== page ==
Friday, October 4, 2013

Online Poster Makers

 Online Poster Makers 
by Susan Stephenson,

I love the poster making websites. Playing with words and pictures is one of my favourite things to do! Kids love them too. Adding text to an image is one way to lure kids to writing. They are not usually daunted as the amount of writing is small, but there's lots of scope for learning about communicating with an audience. Writing tightly - without superfluous words - and choosing strong verbs and nouns is an important writing skill for writers young and old. With posters, kids also need to think about matching an image to the text they create or choose. They must choose an appropriate font, decide on font colour and placement of text - lots of visual literacy skills there too.

Consider online poster makers when students want to publish short pieces of text. They are ideal for six word memoirs/stories, captions, jokes, riddles or to practise matching someone else's quote with a visual to deepen the text's meaning. Practical reasons for needing a poster exist too - children might choose a poster maker to advertise a stall or book sale, or to remind others about the importance of recycling perhaps. As always with the internet, I advocate adult supervision when children use any website.

Here are some online poster makers you might like to explore with your own kids or students:

Quozio: I have the Quozio bookmarklet in my browser toolbar. It's a lovely simple way to capture a quote from the internet, cite the person who said it, and display that content on one of a range of backgrounds. The result can be downloaded to your desktop as a jpg file. I simply highlight the text, fill in the source's name, choose my background then quozio makes my digital poster. I usually right-click to save the image to my computer but Quozio will keep images for you in My Quotes if you register. You can also pin, email, tweet etc the quote. Quozio can be used without registering, and without the bookmarklet too. Kids can also just type into the screen. You can see a sample quote of my own that I popped into a Quozio speech bubble background, above.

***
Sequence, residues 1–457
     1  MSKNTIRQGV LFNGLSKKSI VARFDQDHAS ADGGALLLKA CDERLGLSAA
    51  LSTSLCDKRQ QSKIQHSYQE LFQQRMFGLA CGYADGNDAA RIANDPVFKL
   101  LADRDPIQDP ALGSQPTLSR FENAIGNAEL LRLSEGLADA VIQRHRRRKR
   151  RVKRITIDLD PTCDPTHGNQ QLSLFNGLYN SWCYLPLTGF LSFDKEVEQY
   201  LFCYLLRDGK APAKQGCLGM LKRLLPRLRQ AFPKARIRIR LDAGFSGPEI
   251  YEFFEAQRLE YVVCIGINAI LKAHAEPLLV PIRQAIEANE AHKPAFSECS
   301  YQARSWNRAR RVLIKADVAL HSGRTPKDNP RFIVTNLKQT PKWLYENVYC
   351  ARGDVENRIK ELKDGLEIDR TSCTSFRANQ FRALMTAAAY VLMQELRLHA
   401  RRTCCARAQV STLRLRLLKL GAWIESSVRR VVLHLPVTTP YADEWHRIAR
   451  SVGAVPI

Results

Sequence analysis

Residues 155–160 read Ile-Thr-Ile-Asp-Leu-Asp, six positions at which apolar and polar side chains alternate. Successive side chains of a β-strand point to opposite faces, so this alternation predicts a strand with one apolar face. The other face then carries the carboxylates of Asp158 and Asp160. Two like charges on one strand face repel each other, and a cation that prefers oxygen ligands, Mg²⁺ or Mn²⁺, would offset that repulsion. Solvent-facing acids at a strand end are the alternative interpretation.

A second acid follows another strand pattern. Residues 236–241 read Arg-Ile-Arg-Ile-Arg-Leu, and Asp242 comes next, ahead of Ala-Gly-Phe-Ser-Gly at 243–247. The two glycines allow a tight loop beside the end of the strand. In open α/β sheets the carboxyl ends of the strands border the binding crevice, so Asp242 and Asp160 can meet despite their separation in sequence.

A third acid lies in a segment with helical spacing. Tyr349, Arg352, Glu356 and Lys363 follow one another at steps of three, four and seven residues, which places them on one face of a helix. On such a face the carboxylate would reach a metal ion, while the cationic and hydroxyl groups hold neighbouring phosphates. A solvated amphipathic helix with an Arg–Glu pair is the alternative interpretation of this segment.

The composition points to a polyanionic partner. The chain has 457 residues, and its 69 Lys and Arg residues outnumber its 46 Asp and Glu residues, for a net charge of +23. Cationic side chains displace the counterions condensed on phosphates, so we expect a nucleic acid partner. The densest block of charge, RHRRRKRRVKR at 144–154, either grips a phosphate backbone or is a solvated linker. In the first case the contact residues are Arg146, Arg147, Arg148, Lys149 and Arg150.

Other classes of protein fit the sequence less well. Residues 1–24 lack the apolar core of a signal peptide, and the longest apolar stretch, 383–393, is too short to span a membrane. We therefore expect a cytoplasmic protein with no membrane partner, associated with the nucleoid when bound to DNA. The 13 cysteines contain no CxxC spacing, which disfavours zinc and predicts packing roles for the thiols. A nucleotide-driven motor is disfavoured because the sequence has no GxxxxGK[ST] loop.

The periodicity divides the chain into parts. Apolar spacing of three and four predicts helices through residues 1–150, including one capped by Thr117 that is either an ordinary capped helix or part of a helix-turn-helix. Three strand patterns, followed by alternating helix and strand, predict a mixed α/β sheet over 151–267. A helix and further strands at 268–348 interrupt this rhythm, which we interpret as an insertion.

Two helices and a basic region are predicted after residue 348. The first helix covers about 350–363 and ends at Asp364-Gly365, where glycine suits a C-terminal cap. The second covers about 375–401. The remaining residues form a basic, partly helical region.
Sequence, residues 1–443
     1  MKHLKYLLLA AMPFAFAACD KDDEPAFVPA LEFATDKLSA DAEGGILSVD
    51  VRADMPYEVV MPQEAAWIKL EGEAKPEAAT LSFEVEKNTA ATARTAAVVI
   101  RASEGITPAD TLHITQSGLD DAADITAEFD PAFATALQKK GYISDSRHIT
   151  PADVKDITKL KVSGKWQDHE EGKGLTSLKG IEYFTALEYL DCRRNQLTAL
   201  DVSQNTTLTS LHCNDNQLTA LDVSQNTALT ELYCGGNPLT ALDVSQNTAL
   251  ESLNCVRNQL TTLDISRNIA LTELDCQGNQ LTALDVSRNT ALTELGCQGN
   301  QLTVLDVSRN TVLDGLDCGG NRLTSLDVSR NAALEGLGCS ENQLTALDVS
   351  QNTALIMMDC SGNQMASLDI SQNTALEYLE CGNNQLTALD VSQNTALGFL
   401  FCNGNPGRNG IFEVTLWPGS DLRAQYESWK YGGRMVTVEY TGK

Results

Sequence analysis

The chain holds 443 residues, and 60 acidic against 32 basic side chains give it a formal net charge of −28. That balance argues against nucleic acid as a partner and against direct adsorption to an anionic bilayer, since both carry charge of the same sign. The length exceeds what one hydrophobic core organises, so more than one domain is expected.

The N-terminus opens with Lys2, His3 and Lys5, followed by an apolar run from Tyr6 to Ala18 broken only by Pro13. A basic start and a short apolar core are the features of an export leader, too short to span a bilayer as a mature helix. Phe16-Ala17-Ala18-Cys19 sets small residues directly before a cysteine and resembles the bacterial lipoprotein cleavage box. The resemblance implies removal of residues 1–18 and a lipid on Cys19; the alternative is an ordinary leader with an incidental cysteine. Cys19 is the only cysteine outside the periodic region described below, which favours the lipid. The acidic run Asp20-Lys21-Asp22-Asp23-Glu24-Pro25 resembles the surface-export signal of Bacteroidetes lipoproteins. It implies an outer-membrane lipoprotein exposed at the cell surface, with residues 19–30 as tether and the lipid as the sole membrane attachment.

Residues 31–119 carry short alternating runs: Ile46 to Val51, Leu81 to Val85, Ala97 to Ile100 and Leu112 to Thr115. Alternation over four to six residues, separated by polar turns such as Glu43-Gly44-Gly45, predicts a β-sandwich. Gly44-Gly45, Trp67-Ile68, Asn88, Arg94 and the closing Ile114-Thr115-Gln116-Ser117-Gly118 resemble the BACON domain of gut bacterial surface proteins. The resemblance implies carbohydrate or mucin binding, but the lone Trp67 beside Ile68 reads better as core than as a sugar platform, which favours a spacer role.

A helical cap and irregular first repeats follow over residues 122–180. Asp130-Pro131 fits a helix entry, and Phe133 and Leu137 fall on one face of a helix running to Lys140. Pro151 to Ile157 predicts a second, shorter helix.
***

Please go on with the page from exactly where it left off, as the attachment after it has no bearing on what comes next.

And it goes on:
ReciteThis: ReciteThis is similar to Quozio. It allows users to see what their quote or message looks like in a range of backgrounds, before choosing. No registration is needed and it doesn't have a bookmarklet, but there are lots of sharing options, including download to your computer.

Big Huge Labs' Motivator: I've used Big Huge Labs' Motivator several times for my blog posts eg. Cow Appreciation Day. Kids won't need to register unless they want to save to the website, but can upload an image from their own computers or get one from Flickr or Facebook. They follow some prompts to decide on how best to create the poster, add text and create. Big Huge Labs also have a Movie Poster.

Poster My Wall
Poster My Wall: No need to register unless you want the site to save. Kids can upload a background image for a poster or choose one from the site, including plain colour. Digital download is free but prints of course must be paid for. Once a background is chosen, customising with text and clipart works easily. (When you click the clipart menu, note there are two tabs, one for shapes and one for clipart proper.) There are lots of fonts to choose from, and resizing or editing is simple. Poster My Wall also has other options - collage and cards etc, but all seem to involve Facebook. However, Poster My Wall is the one I suspect kids will like the most.